specifies a set of IP addresses that is reserved for private networks.
These addresses are not routed on the Internet backbone. When a network using private addresses must connect
to the Internet, it is necessary to translate the private addresses to public addresses. This translation process is
known as NAT. A router is often the network device that performs NAT. The tables below show the private and
public IP address ranges.

Class Private Address Ranges

A 10.0.0.0 to 10.255.255.255

B 172.16.0.0 to 172.31.255.255

C 192.168.0.0 to 192.168.255.255

Class Public IP Ranges

1.0.0.0 to 9.255.255.255 and 11.0.0.0 to


A
126.255.255.255

128.0.0.0 to 172.15.255.255 and 172.32.0.0 to


B
191.255.255.255

192.0.0.0 to 192.167.255.255 and 192.169.0.0 to


C
223.255.255.255

D 224.0.0.0 to 239.255.255.255 (for multicast groups)

Content Review Question

Which two of the following IP addresses belong to the private address range? (Choose two.)

127.0.0.1

10.3.8.248

172.17.39.9

192.167.5.5

198.162.252.45

Submit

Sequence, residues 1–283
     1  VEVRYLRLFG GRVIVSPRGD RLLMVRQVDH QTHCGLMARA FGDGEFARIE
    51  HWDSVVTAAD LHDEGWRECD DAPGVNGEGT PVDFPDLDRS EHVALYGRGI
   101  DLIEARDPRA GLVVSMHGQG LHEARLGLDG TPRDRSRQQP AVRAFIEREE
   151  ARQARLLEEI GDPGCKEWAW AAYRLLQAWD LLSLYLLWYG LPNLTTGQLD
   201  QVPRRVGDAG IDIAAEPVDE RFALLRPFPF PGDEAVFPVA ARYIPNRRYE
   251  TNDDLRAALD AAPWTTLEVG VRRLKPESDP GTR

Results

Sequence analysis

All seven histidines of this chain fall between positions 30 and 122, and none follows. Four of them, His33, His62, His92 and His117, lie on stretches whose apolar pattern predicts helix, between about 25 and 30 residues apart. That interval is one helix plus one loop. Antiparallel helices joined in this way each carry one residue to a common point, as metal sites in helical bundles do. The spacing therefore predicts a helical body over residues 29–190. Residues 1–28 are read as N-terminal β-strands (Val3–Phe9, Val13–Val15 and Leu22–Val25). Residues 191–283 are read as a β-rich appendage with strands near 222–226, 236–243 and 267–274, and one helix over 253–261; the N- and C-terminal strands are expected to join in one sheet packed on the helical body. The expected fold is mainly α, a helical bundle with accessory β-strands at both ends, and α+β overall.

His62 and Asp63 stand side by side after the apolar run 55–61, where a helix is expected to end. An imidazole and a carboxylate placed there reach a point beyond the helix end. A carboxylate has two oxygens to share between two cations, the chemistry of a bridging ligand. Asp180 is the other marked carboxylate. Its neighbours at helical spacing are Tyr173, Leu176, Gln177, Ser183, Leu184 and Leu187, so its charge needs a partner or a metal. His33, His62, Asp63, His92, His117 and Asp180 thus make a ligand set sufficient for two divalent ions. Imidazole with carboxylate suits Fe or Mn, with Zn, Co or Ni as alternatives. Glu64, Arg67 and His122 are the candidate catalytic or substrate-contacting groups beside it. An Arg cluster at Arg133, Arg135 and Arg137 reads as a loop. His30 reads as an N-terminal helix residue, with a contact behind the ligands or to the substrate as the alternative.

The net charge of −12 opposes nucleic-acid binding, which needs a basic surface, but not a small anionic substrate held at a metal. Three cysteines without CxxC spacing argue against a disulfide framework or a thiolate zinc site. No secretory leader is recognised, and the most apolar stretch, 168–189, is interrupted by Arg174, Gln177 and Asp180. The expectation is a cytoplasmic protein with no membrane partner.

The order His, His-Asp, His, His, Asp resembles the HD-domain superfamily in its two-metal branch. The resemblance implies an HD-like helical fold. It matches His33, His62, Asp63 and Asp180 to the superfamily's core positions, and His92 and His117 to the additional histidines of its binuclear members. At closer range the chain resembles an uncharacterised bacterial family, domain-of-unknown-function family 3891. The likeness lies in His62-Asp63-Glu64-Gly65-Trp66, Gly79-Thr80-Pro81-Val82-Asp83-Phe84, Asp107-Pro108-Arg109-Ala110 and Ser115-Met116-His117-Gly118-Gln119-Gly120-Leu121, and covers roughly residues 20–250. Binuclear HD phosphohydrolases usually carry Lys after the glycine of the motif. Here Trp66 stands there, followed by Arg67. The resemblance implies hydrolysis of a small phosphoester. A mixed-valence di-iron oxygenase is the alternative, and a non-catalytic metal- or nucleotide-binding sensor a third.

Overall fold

Content Review Question


RFC 1918 specifies a set of IP addresses that are reserved for what type of networks?

loopback

private

public

broadcast

Submit

Content Review Question

Which one of the following options is the Class C private IP range?

192.168.0.0192.168.255.255

172.16.0.0172.31.255.255

10.0.0.010.255.255.255

192.168.1.0192.168.1.255

Submit

Content Review Question

A host using an IP address from the private IP range needs to connect to a website on the Internet. What
function must be performed in order for the device to connect to the web service?

ACL

NAT

PBR

PfR
Submit
1.9 Understanding the TCP/IP Protocol Suite

IPv6 Addresses

Open Transcript